To acquire wisdom, one must observe

Reader’s Report: ‘Pride and Prejudice’

Hi there! My name is Ani and this is Reader’s Report, where I review a book that I’ve read recently and explain exactly how I feel about it to you lovely people. I was inspired to continue these book reviews from the previous articles featured on the Hoot called “BookTok: Worth it or Not?” and since the author Victoria Morrongiello ’23 has now graduated, I am taking on the honor of continuing these reviews in some way, shape or form. 


This next review is for “Pride and Prejudice” by Jane Austen. I know, it’s really underground and by an indie author so you’ve probably never heard of it before. But the good thing is, I’m here to give you a review and summary of the whole thing!


“Pride and Prejudice” is one of those books that makes you feel as though you’re reading for class credit. You read it in the same way as “Great Expectations” or “Of Mice and Men”. At some point though (once you get used to the language) you realize that Jane Austen was actually a really good author, which may not come off as a revelation for most people, but it really was for me. She has a very specific way of capturing moments in her books and she was one of the only people at the time that was able to do it from a woman’s perspective. 


This leads me to my next point: this book is SUCH a girl’s book. Not to say that anyone can’t read it, don’t get me wrong. I want you to read this book, it’s so iconic. But while I was reading it, it was almost comforting to see that the women in these books were literally me. Their actions, thoughts and behaviors were that of a 20-year-old girl today. And sure, they’re all fictional, but Jane Austen wasn’t; she was a living, breathing woman of the time and she was able to capture this moment in a time where women were just being women.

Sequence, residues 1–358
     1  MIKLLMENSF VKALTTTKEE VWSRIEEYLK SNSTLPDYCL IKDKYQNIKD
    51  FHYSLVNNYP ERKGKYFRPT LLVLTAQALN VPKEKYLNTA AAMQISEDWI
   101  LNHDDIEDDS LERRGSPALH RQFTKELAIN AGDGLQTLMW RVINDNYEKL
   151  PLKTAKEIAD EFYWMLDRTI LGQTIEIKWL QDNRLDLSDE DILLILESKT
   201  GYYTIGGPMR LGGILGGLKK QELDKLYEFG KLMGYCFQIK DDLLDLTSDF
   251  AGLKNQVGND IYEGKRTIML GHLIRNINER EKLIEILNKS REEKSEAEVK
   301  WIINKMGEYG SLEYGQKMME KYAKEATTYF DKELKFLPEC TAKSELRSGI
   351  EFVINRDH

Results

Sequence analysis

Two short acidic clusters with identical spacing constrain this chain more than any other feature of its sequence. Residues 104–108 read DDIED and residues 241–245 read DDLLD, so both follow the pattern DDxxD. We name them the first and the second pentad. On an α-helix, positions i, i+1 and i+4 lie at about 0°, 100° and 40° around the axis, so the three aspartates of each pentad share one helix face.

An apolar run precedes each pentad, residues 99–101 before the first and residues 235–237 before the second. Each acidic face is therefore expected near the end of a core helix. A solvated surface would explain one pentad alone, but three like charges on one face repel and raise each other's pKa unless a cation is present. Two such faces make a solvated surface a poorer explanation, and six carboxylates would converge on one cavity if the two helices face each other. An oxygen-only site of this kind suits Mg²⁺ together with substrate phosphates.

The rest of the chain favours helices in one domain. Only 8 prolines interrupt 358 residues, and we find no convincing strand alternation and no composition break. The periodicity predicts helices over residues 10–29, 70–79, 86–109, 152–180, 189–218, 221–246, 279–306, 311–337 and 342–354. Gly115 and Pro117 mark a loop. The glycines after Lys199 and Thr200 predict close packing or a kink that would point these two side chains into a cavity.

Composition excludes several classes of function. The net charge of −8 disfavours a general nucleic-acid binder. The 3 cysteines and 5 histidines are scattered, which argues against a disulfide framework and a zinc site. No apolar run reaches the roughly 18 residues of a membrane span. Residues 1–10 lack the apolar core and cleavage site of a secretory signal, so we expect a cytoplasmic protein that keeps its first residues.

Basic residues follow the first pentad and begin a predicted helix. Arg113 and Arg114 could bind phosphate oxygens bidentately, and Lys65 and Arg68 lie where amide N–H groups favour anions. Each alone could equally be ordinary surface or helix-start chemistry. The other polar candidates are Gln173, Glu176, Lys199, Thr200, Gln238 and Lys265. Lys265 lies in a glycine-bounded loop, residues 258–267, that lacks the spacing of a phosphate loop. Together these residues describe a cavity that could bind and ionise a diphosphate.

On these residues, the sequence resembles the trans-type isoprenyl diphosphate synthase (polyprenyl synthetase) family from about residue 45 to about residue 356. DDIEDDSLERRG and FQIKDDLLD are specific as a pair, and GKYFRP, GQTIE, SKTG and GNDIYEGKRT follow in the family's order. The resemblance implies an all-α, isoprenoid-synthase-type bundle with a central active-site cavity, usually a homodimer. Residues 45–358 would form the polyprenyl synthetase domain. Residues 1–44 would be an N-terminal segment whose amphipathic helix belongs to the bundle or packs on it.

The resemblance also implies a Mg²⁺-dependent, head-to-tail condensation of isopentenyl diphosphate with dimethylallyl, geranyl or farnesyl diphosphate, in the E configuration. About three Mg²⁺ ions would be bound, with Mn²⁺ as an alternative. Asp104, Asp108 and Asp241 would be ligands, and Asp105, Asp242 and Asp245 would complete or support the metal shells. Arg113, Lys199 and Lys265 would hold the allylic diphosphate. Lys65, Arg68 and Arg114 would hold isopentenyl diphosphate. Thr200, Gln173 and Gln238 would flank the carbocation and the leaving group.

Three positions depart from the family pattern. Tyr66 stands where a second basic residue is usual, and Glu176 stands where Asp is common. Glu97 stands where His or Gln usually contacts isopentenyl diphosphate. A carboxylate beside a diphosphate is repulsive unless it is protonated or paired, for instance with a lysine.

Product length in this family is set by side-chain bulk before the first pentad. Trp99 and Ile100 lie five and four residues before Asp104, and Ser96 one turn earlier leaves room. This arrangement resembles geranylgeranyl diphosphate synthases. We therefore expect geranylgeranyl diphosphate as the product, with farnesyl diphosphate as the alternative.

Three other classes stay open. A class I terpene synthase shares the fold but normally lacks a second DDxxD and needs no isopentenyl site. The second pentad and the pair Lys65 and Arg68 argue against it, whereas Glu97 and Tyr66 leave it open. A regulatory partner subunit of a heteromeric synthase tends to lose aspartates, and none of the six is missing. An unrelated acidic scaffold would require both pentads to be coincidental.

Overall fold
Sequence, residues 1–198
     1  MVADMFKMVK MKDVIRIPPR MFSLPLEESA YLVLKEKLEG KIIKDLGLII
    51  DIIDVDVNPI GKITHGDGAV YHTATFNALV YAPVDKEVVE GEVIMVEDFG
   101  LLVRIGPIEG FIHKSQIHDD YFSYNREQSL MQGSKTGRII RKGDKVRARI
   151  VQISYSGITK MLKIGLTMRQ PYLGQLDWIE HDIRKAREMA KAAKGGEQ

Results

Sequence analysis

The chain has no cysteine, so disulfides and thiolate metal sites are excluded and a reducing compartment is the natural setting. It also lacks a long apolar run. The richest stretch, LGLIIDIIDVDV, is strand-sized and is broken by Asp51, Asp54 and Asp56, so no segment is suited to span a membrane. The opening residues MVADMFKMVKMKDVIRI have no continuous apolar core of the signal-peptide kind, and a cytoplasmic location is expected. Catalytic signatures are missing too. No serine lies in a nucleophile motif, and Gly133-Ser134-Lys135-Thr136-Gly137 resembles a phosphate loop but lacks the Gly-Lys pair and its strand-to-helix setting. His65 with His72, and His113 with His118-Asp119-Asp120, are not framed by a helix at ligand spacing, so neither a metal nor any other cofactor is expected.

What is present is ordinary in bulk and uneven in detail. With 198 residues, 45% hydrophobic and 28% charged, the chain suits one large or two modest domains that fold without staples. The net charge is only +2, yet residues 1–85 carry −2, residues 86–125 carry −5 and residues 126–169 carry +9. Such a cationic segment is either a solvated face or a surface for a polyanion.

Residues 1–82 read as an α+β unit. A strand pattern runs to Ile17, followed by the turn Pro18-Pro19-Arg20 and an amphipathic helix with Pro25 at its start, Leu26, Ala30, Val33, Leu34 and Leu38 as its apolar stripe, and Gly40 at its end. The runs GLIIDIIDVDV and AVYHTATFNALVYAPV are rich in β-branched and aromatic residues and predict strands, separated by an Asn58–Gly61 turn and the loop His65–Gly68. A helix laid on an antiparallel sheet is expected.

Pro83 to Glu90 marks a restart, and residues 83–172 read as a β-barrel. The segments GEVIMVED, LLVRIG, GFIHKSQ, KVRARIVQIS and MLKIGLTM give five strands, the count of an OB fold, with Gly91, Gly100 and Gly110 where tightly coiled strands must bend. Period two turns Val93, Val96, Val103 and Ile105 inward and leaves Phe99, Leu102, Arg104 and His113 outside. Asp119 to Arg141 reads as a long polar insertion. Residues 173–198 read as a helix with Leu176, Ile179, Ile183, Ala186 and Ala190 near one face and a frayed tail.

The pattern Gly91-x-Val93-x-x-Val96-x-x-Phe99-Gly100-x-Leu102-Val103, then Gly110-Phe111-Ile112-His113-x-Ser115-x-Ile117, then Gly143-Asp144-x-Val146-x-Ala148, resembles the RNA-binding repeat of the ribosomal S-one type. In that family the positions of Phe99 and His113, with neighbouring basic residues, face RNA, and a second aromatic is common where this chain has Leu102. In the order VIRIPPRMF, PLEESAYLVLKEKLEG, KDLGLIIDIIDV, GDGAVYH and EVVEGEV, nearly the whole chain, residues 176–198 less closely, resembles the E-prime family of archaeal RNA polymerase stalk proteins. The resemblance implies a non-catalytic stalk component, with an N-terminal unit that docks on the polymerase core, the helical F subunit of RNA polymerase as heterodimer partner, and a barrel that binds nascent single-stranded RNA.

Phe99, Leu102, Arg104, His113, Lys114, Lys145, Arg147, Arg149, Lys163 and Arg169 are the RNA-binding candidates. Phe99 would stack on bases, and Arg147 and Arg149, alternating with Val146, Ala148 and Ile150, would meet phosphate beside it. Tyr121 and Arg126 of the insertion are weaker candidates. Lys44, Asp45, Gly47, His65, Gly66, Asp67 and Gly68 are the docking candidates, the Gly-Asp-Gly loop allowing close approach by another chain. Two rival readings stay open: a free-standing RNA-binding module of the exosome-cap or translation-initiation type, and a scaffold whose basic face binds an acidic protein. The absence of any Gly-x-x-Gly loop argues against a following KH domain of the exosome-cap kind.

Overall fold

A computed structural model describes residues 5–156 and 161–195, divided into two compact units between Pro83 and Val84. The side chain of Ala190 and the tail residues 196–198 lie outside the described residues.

You may think that just because this book is old, its ideologies are super outdated (and when the ideology is getting married to your cousin, I really hope it is). How many times have you cried over a man that you really secretly like destroying your sister’s engagement and embarrassing your family to the rest of the upper class world? I’m hoping never. But the moments in between the main plot of the book: Elizabeth gossiping with her sisters, Kitty and Lydia eavesdropping on her parents’ conversations, the sisters aggressively thirsting over men, Jane and her protectiveness over her siblings; these were the moments that were real. They’re not just traditions that we grew out of, if anything they are representative of the ones we kept. 


The book itself is super fun. Again, once you get past the fact that the language is sort of hard, it just reads like a romance novel. It has all the elements that any good enemies to lovers book would have, tension, stress, angst, enemies and lovers (eventually). Watching Darcy change his view of Elizabeth throughout the book is sweet and also really funny. He seems to have these revelations all at once and for the audience; his change in demeanor is abrupt. One moment he’s telling Elizabeth that her family is inferior, and the next he’s proposing. 


Do I recommend watching the movie first? Honestly, yes. Only because it gives you a good overview of what the book is about, and acts like a summary for the book. That’s not to say that it’s not a good movie—the 2005 version is actually one of my favorite movies ever and I can literally quote it from memory. But it’s helpful to watch it beforehand just to get a good idea of what you’re reading (also because it’s a good movie, in case you didn’t catch that).


So do I think you should read it? YES. If this were a mafia romance book with a billionaire CEO aesthetic, you already know that the girls would be all over it. Maybe that should be a plot for another book. Let’s be honest, it probably already exists. 


Well anyway, I’ll see you next time.


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